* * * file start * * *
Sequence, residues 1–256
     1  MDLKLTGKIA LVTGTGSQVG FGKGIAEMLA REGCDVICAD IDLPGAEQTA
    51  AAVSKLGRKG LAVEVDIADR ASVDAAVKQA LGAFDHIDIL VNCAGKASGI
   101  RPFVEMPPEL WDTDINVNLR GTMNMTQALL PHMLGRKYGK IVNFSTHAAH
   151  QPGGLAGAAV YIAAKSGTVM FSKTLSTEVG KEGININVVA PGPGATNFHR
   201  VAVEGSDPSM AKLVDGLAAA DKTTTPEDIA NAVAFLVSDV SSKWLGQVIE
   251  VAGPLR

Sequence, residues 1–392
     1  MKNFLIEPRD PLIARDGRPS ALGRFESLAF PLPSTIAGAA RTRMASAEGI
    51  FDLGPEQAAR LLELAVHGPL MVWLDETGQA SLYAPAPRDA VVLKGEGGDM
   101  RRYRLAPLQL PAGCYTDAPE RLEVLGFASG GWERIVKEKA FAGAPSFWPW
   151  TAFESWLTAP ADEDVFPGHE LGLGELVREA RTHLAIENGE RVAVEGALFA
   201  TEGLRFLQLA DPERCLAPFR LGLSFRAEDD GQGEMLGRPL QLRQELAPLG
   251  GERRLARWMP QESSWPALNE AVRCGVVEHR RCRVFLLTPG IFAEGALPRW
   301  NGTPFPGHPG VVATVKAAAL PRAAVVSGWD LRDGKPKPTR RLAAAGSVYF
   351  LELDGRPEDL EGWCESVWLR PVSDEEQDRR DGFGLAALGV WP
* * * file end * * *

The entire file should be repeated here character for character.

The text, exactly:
Sequence, residues 1–256
     1  MDLKLTGKIA LVTGTGSQVG FGKGIAEMLA REGCDVICAD IDLPGAEQTA
    51  AAVSKLGRKG LAVEVDIADR ASVDAAVKQA LGAFDHIDIL VNCAGKASGI
   101  RPFVEMPPEL WDTDINVNLR GTMNMTQALL PHMLGRKYGK IVNFSTHAAH
   151  QPGGLAGAAV YIAAKSGTVM FSKTLSTEVG KEGININVVA PGPGATNFHR
   201  VAVEGSDPSM AKLVDGLAAA DKTTTPEDIA NAVAFLVSDV SSKWLGQVIE
   251  VAGPLR

Sequence, residues 1–392
     1  MKNFLIEPRD PLIARDGRPS ALGRFESLAF PLPSTIAGAA RTRMASAEGI
    51  FDLGPEQAAR LLELAVHGPL MVWLDETGQA SLYAPAPRDA VVLKGEGGDM
   101  RRYRLAPLQL PAGCYTDAPE RLEVLGFASG GWERIVKEKA FAGAPSFWPW
   151  TAFESWLTAP ADEDVFPGHE LGLGELVREA RTHLAIENGE RVAVEGALFA
   201  TEGLRFLQLA DPERCLAPFR LGLSFRAEDD GQGEMLGRPL QLRQELAPLG
   251  GERRLARWMP QESSWPALNE AVRCGVVEHR RCRVFLLTPG IFAEGALPRW
   301  NGTPFPGHPG VVATVKAAAL PRAAVVSGWD LRDGKPKPTR RLAAAGSVYF
   351  LELDGRPEDL EGWCESVWLR PVSDEEQDRR DGFGLAALGV WP